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Rancho Viejo Resort - El Angel Golf Course Review

Texas Outside Rating: 7.8

Golf - Resort Public Course · 36 Holes · Par 70
Rancho Viejo
Website · Locate This Course
· Stay & Play
Date Last Played: January 03, 2011

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Rancho Viejo Resort - El Angel Golf Course Review

Rancho Viejo Resort and Country Club is home to two 18 hole courses - El Angel and El Diablo.  El Diablo, which translates to "the Devil" is not at all devilish but it is a little harder than El Angel thanks to an additional 350 yards, tighter fairways, and some challenging approaches. 

El Angel is not real demanding, in fact it's a real sweetheart and lives up to it's name of the "Angel."  Rancho Viejo's El Angel provides a relaxing, non threatening, and enjoyable round with an opportunity to turn in a very good score.  

El Angel plays through the Rancho Viejo community and most of the fairways are lined by a variety of  trees (mesquite, palm ebony, and Austrian pines) on one side and homes on the other side - some of the homes are huge and beautiful.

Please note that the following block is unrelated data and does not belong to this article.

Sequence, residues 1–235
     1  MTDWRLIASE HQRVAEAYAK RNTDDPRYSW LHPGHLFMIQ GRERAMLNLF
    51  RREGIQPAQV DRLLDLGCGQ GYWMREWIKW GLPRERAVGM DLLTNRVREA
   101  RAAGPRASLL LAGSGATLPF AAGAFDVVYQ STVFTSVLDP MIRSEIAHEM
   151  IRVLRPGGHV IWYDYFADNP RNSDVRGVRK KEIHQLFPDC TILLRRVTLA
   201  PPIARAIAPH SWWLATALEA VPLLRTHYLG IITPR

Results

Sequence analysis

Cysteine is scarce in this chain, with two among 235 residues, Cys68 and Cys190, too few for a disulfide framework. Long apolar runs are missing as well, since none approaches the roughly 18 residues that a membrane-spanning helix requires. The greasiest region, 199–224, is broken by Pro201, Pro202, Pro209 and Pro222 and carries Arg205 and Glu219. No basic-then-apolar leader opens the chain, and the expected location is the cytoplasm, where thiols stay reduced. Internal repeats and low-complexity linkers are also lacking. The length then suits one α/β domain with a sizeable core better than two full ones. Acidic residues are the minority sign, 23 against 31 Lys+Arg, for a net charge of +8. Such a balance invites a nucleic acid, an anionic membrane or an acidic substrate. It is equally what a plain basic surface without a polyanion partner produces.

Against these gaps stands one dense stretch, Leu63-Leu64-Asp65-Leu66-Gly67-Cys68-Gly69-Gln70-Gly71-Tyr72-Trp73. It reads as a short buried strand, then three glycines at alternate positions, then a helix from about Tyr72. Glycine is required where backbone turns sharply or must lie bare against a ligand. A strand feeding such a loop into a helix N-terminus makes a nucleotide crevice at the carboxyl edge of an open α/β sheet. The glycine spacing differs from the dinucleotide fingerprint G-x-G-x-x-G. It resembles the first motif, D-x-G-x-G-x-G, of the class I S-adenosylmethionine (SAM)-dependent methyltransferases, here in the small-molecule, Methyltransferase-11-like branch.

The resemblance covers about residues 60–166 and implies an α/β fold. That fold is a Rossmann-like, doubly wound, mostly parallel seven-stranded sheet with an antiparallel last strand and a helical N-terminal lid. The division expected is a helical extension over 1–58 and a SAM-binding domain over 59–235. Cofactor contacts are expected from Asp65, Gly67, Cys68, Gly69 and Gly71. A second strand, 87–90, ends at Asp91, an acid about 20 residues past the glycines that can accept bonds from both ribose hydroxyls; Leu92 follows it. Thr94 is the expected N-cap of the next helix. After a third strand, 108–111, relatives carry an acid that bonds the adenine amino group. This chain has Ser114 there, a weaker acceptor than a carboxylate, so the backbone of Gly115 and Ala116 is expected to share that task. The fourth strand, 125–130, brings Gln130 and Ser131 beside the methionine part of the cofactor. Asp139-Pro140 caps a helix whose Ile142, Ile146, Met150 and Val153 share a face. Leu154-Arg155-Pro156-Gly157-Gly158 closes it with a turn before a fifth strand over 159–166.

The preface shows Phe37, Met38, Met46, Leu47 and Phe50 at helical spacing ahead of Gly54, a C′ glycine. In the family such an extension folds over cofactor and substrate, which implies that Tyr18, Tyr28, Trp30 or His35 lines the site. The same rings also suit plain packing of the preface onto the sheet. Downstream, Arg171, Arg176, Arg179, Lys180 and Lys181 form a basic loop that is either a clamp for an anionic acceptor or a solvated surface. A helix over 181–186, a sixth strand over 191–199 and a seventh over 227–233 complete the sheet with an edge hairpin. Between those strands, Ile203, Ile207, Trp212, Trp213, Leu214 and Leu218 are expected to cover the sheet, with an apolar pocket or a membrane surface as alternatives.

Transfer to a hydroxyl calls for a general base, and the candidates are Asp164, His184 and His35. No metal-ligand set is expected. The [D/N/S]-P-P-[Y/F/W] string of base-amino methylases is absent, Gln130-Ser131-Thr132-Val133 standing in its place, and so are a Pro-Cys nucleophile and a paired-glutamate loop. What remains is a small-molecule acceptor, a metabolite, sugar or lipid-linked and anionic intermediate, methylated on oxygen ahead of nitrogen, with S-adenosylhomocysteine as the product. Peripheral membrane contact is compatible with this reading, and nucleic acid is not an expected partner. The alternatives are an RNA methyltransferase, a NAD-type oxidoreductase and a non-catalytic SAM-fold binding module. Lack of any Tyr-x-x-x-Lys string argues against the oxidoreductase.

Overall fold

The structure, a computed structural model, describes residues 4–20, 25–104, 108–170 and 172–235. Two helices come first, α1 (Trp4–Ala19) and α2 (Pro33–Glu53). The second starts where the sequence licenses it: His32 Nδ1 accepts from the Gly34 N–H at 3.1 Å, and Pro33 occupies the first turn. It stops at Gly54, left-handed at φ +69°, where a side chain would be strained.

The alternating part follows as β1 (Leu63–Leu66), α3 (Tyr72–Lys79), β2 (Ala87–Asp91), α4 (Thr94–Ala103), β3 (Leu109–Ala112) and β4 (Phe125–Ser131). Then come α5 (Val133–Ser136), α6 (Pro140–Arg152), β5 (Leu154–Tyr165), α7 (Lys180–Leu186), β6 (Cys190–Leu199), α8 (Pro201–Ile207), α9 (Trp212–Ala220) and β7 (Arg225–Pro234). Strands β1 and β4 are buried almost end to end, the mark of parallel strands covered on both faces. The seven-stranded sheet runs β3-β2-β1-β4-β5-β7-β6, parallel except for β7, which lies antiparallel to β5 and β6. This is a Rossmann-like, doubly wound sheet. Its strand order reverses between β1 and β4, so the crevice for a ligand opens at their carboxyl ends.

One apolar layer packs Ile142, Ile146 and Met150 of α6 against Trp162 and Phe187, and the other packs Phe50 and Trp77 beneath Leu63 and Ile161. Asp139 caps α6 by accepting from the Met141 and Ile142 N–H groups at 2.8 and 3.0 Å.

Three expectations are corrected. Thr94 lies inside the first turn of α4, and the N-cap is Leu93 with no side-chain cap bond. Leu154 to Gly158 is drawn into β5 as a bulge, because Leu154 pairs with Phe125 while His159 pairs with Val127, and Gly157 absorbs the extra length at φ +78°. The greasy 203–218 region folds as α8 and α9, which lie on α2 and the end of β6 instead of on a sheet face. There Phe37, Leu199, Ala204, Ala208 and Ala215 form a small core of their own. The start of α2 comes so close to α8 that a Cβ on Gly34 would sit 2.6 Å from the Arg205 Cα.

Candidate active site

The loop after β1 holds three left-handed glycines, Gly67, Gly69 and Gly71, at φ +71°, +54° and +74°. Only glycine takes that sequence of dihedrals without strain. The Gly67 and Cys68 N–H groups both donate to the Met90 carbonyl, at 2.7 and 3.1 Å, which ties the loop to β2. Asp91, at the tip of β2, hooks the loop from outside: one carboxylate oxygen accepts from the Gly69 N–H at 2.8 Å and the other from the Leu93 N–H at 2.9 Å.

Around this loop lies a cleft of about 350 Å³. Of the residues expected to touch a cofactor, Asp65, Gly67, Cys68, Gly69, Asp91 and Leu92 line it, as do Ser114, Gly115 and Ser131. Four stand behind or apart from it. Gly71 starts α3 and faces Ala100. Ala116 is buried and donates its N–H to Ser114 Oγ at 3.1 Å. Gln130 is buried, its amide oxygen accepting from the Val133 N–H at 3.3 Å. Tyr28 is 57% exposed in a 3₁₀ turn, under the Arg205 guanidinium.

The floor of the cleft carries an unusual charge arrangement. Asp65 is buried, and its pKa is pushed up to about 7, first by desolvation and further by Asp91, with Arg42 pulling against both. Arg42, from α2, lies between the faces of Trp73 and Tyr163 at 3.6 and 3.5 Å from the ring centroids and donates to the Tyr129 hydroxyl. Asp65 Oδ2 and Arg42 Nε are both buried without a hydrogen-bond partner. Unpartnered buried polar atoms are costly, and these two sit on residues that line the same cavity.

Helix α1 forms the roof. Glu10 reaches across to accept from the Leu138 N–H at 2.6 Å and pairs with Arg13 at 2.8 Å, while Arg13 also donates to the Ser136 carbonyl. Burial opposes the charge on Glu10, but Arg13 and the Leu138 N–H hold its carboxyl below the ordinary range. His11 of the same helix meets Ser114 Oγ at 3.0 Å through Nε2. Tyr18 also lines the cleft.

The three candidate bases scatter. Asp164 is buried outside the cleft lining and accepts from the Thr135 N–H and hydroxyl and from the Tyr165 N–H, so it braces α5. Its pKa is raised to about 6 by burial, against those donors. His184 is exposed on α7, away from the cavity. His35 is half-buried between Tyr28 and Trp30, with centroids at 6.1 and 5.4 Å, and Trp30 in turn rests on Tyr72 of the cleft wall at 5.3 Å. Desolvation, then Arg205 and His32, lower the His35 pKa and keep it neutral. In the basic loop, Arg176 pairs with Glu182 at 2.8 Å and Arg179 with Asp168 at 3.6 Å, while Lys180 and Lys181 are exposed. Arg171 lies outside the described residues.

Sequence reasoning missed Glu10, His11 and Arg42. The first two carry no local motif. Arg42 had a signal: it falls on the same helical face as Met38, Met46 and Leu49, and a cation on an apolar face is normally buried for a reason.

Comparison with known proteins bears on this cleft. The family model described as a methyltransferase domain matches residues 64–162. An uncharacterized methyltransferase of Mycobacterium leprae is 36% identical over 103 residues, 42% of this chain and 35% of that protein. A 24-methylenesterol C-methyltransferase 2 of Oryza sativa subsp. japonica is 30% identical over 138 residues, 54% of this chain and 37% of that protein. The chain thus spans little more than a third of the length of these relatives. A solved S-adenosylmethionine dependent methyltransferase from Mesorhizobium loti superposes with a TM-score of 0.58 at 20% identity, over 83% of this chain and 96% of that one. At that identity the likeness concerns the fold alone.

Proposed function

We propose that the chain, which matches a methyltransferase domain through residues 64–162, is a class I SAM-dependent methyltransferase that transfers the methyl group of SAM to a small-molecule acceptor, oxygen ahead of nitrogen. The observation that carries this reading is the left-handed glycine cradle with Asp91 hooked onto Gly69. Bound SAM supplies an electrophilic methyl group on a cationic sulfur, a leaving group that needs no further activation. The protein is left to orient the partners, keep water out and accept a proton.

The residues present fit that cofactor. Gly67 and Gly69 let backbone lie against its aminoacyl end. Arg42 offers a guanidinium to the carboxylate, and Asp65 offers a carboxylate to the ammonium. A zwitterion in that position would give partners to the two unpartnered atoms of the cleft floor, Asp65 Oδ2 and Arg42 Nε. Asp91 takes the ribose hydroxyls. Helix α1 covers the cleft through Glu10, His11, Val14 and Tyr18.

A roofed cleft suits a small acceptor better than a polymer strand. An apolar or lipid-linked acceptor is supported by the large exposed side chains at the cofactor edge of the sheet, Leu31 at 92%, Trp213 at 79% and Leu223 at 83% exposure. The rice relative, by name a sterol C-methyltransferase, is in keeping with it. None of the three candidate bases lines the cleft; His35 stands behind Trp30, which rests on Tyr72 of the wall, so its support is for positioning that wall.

From the tee box you can typically see the pin and what you're up against and usually you can pull out the driver and let-er-rip.  You'll need to manage the angles thanks to 12 holes with dog legs left or right, the water on 10 holes, and the 44 bunkers.  And the capricious Gulf Breezes can create some challenges.  The par 3s on Rancho Viejo Resort's El Angel Course are fantastic as well as challenging - you'll need to carry the water (called Resacas which were the ancient waterways of the Rio Grande Delta) to well guarded greens.